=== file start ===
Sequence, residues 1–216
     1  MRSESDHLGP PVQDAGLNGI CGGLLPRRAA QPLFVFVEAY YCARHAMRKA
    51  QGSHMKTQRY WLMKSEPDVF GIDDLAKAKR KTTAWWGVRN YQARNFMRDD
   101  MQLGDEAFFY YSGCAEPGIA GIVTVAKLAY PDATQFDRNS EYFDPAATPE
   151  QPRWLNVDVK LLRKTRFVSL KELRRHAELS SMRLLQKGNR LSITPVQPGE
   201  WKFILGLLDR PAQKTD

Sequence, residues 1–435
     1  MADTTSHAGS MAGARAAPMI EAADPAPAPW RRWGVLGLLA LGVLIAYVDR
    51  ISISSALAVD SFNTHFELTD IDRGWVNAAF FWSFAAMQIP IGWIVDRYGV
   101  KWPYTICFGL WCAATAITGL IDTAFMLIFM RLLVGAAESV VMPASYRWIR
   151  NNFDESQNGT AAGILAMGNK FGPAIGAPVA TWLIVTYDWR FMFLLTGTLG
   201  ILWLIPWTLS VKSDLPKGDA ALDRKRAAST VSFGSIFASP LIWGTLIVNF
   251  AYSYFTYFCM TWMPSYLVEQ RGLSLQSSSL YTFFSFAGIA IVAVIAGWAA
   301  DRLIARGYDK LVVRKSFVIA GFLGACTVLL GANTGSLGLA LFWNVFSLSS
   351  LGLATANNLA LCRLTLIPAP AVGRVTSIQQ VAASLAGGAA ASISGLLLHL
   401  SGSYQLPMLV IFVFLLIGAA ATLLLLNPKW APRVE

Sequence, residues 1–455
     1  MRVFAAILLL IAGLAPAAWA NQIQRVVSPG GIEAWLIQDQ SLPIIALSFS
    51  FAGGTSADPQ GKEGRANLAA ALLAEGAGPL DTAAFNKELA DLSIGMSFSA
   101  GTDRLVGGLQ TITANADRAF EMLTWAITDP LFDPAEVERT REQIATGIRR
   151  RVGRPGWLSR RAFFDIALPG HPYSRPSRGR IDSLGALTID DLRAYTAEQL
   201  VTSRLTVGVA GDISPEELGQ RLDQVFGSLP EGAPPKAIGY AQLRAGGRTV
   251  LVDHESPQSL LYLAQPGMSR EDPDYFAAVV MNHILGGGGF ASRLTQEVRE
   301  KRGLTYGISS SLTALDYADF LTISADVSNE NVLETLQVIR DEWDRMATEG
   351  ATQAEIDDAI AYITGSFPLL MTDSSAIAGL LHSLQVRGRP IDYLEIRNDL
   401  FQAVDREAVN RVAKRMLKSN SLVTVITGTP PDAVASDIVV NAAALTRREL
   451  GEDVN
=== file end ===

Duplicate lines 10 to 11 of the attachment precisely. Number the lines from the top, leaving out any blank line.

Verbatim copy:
   101  KWPYTICFGL WCAATAITGL IDTAFMLIFM RLLVGAAESV VMPASYRWIR
   151  NNFDESQNGT AAGILAMGNK FGPAIGAPVA TWLIVTYDWR FMFLLTGTLG